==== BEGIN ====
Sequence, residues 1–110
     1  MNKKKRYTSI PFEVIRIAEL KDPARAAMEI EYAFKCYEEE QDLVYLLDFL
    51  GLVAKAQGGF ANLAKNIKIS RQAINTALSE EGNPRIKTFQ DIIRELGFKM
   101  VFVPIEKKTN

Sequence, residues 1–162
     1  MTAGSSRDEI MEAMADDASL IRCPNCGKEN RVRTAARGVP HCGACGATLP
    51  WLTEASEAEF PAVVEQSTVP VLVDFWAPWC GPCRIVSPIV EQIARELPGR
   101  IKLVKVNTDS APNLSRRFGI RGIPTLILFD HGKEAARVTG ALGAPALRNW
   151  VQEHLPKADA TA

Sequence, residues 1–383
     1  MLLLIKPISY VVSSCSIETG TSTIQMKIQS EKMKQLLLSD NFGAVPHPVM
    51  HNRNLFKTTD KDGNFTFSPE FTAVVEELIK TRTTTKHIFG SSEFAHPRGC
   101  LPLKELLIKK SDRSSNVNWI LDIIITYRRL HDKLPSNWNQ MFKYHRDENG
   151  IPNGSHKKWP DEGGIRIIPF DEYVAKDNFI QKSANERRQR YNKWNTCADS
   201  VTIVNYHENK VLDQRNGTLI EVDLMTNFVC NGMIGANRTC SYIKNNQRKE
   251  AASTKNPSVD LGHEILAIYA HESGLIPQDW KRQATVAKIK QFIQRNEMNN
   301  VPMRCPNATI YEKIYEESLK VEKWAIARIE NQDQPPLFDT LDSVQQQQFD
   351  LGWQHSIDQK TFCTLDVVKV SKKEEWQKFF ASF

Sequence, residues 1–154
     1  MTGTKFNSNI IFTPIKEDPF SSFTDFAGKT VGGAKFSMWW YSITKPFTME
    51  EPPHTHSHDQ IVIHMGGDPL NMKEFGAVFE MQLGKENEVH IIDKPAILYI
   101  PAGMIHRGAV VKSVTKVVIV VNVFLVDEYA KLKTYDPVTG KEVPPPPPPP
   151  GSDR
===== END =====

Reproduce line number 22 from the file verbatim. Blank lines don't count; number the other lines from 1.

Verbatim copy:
   101  PAGMIHRGAV VKSVTKVVIV VNVFLVDEYA KLKTYDPVTG KEVPPPPPPP